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Los Angeles Plays Itself

Recently watching the mindless masterpiece Speed—in which, famously, a bus must stay above 55 miles an hour or else get blown up by a deranged Dennis Hopper—I became fascinated with how its creators perfectly situated the action in Los Angeles, with its labyrinthine freeways floating almost detached from the city center.

Ken Jacobs-Star Spangled to Death

Organic, living organism that grew and grew over the period of 47 years.

Two Lone Swordsmen: Hero by Zhang Yi Mou and Zatoichi by Takeshi "Beat" Kitano

"Always leave ’em wanting less," Warhol famously said, and American epic filmmakers have taken his words to heart. What the later editions of The Matrix or Troy—or the bloated 2 1/2 hour $10.25 nightmare of your choice—lack in ideas, drama, or emotional credibility, they make up for in sheer waste of time.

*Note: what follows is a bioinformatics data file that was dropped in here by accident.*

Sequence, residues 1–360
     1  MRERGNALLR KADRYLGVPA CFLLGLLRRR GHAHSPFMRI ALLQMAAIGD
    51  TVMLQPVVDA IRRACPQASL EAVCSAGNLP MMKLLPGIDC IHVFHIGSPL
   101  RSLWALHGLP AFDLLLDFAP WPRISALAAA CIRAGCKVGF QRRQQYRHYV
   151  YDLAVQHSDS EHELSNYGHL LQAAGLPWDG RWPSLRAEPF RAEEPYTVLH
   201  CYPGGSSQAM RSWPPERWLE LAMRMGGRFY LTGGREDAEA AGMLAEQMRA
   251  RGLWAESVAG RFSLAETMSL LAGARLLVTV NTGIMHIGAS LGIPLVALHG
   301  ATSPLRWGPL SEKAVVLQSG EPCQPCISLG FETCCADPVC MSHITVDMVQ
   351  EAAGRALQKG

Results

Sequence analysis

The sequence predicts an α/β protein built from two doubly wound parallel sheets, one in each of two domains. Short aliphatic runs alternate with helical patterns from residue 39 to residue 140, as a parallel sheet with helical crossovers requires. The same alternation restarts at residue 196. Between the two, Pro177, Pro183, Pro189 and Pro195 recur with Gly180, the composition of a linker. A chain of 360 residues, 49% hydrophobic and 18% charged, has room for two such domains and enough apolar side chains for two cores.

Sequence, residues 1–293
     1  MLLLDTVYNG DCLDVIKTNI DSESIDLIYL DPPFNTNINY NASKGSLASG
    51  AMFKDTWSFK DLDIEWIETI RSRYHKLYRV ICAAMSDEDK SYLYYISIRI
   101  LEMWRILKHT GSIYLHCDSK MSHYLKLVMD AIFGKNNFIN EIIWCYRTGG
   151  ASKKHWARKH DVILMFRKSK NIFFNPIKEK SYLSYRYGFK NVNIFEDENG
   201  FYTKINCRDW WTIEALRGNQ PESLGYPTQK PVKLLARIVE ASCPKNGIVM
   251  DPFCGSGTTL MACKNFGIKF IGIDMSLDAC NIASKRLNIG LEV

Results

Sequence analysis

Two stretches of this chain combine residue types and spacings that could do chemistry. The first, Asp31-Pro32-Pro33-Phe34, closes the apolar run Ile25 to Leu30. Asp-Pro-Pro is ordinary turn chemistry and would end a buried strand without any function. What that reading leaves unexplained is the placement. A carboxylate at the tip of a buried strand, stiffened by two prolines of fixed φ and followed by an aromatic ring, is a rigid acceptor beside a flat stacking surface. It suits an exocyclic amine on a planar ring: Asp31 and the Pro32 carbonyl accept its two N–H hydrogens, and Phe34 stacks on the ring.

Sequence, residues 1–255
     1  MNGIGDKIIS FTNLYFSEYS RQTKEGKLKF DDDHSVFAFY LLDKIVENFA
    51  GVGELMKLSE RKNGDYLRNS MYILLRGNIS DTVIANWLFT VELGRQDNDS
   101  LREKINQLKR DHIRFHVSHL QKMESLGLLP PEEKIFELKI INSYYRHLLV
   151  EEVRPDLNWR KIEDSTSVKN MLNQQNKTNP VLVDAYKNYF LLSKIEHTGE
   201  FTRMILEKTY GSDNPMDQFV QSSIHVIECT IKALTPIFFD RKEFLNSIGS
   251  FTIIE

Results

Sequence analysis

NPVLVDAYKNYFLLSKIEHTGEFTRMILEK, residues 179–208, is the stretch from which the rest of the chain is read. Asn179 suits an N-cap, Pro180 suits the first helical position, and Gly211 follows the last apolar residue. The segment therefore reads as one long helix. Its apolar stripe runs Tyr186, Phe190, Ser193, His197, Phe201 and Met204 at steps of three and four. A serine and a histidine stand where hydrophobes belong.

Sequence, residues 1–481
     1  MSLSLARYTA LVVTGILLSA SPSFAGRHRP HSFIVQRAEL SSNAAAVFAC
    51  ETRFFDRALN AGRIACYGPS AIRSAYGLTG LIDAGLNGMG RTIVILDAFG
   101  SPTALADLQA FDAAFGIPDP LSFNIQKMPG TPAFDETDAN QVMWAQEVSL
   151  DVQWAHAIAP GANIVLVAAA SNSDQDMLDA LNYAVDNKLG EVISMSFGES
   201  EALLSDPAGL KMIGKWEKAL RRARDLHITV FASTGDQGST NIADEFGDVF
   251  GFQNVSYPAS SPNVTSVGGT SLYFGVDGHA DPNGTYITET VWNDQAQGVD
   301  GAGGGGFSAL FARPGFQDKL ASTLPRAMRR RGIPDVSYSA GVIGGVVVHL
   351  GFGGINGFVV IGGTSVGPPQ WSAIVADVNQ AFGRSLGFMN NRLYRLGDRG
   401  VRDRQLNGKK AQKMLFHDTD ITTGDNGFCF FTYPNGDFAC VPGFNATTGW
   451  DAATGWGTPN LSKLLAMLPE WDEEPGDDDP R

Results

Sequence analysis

In the Belly of the Beast

Making a feature film about corporations is a bit like trying to cram the entire history of the United States on the back of an index card. After all, the corporation is a phenomenon that has existed for well over 100 years, and its tentacles extend into every aspect of modern life the world over.

Docs In Sight

Can Archival Footage Change the World?

Anyone who has seen the record-breaking political documentary Fahrenheit 9/11 knows that much of the rhetorical punch of the film comes from all the footage of W. & Co. that Michael Moore’s production team collected.


The Brooklyn Rail

JUL-AUG 2004

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